Tuesday, December 29, 2015

A Year of Reading

2015 was at least a good year for reading. Herewith, the books I’d recommend the most:

Nabokov in America, Robert Roper: Forget trying to gain a fuller understanding of Vladimir’s novels and just take in the tale. From their close call path to America—the Nabokovs lived in Berlin in the ‘30s, wife Vera was Jewish—to the son’s extraordinary, non-literary pursuits this book could easily be turned into an extended cable series.

Notebooks; 1922 – ’86, edited by Luke O’Sullivan: On his death one British paper tabbed Michael Oakeshott as the greatest conservative political philosopher since Edmund Burke. But Oakeshott was more philosopher than political philosopher. Beginning with notes as he read other philosophers—Plato, Aristotle, Spinoza—and moving on to whatever caught his eye, these aphoristically inclined entries are both interesting and delightful. “It is impossible to get happiness by following a plan. Everything about us, and we are ourselves change continually. To attempt to capture happiness and keep it is foolish.”
Poetry Notebook, Clive James: This slim volume put me on a bit of a poetry jag and in search of authors who I’d never heard of, which is all that needs to be said.

Romanticism; A German Affair, Rudiger Safranski: Somewhere I recall seeing the line that “Lord Byron was too much of a romantic not to float some balloons, and too much of a realist not to puncture them.” There may be a lot of mischief in romantic ideas but after reading this book it’s hard not to conclude that there is also something essential in it and that a ‘correction’ to the Enlightenment was necessary, or at the very least, likely.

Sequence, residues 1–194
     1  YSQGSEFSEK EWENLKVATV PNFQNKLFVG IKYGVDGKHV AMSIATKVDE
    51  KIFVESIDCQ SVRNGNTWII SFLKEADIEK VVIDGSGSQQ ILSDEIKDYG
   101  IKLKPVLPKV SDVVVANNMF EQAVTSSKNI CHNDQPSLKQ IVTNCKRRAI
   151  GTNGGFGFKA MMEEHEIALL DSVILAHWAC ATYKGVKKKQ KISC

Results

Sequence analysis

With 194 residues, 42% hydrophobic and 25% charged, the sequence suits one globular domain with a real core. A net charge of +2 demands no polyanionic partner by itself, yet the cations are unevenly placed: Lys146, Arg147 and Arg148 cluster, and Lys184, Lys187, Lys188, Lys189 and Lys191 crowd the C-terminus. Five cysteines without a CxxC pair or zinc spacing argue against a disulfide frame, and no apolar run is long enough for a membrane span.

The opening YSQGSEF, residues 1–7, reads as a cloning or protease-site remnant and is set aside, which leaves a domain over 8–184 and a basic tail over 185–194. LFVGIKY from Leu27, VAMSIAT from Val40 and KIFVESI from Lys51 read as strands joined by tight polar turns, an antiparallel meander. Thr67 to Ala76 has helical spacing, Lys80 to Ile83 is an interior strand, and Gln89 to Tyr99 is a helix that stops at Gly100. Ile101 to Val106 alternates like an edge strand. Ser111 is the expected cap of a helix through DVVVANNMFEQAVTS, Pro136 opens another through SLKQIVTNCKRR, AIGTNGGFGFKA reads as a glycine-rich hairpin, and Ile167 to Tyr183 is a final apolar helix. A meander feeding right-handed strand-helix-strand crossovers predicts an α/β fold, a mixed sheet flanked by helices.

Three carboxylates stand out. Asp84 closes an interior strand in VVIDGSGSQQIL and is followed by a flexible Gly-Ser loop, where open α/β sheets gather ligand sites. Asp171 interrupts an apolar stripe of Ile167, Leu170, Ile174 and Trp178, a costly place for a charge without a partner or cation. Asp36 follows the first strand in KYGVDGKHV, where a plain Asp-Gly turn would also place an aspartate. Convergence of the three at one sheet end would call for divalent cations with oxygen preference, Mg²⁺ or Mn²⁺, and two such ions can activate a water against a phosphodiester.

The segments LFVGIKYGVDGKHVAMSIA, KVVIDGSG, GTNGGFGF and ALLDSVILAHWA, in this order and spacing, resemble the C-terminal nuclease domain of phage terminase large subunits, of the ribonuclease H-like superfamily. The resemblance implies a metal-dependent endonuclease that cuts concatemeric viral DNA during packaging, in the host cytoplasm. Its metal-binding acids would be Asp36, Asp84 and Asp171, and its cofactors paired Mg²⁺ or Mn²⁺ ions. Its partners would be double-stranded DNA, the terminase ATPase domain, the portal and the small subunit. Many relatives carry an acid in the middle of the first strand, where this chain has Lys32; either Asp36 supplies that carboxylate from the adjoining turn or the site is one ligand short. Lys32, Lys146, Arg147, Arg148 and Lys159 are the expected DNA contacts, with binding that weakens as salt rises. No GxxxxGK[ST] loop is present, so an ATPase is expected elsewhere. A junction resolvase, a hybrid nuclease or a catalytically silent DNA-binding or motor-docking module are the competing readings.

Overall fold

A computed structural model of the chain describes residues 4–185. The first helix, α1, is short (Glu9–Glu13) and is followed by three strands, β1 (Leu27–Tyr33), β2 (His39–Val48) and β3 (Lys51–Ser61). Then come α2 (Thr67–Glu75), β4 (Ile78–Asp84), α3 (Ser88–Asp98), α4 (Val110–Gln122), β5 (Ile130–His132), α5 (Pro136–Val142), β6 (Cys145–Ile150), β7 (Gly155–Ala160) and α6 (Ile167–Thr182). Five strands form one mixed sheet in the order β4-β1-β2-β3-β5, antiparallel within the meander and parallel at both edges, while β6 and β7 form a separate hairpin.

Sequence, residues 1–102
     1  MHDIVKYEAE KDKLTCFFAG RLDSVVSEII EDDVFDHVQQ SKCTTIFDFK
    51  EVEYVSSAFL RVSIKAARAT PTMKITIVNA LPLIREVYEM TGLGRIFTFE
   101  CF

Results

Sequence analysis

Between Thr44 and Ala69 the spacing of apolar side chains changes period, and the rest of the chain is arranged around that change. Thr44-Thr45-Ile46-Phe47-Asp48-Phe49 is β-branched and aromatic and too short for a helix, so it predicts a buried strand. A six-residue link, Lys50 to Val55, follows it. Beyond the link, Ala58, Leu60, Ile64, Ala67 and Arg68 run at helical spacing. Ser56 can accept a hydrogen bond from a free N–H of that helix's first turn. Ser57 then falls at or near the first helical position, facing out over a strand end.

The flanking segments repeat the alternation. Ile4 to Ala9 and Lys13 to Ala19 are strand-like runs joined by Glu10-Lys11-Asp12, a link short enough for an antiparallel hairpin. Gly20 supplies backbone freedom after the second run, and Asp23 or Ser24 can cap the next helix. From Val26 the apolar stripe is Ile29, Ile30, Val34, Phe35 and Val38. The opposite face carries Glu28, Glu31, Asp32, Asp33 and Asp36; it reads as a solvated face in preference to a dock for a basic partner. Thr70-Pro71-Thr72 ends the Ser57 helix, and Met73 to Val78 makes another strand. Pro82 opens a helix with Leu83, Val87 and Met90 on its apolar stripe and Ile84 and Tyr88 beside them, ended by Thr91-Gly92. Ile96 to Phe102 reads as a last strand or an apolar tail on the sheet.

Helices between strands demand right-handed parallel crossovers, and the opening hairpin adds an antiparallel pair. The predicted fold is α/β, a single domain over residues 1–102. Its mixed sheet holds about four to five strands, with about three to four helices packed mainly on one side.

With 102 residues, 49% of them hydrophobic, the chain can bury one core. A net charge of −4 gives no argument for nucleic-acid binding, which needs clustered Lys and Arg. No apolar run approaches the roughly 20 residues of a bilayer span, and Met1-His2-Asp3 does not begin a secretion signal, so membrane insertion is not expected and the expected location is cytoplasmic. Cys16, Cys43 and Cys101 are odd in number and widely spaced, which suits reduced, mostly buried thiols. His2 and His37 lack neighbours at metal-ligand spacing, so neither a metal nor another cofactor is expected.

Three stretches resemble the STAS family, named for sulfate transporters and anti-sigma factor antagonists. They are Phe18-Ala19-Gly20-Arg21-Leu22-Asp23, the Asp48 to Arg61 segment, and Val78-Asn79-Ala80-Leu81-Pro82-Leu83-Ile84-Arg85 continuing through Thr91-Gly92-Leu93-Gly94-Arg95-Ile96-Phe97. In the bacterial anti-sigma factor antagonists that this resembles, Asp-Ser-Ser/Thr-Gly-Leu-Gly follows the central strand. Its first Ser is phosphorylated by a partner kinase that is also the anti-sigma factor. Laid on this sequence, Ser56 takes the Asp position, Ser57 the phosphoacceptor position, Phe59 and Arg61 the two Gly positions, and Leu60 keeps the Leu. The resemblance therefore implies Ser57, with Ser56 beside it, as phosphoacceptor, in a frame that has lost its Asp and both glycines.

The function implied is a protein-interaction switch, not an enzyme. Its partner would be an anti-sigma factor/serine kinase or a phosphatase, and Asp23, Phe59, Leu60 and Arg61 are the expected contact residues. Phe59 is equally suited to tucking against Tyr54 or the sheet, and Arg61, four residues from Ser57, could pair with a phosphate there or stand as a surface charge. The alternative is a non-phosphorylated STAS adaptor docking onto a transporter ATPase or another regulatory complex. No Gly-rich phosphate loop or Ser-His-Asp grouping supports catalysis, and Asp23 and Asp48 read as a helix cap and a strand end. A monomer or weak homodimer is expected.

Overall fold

Leisure; The Basis of Culture, by Josef Pieper: The aforementioned Michael Oakeshott observed the horror of the mono-modal man. In our time this is most commonly manifested in the person who runs everything through the criteria of usefulness. Like Johan Huizinga’s man the player, this is an argument for recognizing the importance of all that fails the test of practicality. In a time and place of great wealth and smart phones, Pieper’s “the proletarian is the man who is fettered to the process of work” is a caution worth ruminating on.

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